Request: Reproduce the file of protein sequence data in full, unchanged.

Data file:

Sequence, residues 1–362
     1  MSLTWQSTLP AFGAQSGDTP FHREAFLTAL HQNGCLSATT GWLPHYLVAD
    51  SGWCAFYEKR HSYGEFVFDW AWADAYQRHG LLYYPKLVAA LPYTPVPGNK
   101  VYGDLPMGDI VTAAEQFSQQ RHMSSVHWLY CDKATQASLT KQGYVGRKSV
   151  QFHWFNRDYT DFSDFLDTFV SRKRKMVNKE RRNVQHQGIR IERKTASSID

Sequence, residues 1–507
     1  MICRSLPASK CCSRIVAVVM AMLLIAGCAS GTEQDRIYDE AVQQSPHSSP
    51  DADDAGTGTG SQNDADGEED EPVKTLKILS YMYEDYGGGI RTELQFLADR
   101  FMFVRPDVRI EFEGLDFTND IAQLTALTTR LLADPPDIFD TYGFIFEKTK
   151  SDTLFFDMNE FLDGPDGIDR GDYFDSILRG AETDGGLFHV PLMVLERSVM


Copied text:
Sequence, residues 1–362
     1  MSLTWQSTLP AFGAQSGDTP FHREAFLTAL HQNGCLSATT GWLPHYLVAD
    51  SGWCAFYEKR HSYGEFVFDW AWADAYQRHG LLYYPKLVAA LPYTPVPGNK
   101  VYGDLPMGDI VTAAEQFSQQ RHMSSVHWLY CDKATQASLT KQGYVGRKSV
   151  QFHWFNRDYT DFSDFLDTFV SRKRKMVNKE RRNVQHQGIR IERKTASSID

Sequence, residues 1–507
     1  MICRSLPASK CCSRIVAVVM AMLLIAGCAS GTEQDRIYDE AVQQSPHSSP
    51  DADDAGTGTG SQNDADGEED EPVKTLKILS YMYEDYGGGI RTELQFLADR
   101  FMFVRPDVRI EFEGLDFTND IAQLTALTTR LLADPPDIFD TYGFIFEKTK
   151  SDTLFFDMNE FLDGPDGIDR GDYFDSILRG AETDGGLFHV PLMVLERSVM